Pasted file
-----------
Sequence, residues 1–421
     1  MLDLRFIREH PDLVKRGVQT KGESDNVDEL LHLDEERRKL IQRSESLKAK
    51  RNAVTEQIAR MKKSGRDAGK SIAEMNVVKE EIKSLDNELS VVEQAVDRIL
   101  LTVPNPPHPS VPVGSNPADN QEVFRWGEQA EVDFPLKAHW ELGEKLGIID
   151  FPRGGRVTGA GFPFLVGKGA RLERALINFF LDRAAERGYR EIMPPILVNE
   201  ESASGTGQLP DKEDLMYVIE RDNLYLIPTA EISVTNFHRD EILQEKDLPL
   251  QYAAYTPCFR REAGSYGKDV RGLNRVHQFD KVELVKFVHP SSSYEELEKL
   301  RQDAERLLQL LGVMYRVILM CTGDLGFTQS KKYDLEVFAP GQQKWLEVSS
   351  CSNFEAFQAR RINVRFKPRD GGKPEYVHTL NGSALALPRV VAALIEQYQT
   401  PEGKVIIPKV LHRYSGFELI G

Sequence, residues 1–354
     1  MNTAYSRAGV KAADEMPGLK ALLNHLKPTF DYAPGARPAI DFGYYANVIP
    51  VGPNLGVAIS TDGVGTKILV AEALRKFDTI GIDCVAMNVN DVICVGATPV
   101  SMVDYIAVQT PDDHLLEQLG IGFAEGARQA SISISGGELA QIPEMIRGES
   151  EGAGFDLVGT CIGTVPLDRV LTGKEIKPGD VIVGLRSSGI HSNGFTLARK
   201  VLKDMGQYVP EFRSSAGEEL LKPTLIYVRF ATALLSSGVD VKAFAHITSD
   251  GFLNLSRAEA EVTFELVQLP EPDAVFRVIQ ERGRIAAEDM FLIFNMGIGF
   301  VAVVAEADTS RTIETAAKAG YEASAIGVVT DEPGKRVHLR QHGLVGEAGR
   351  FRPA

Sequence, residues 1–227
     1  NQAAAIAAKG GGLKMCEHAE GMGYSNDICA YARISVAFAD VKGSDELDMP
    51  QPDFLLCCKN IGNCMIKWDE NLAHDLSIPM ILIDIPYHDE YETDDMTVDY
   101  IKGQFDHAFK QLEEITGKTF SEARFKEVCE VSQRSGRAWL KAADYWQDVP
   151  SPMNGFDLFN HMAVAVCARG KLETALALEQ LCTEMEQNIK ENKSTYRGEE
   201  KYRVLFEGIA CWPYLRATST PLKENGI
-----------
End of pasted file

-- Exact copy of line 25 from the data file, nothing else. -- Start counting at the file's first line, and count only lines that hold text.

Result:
   201  KYRVLFEGIA CWPYLRATST PLKENGI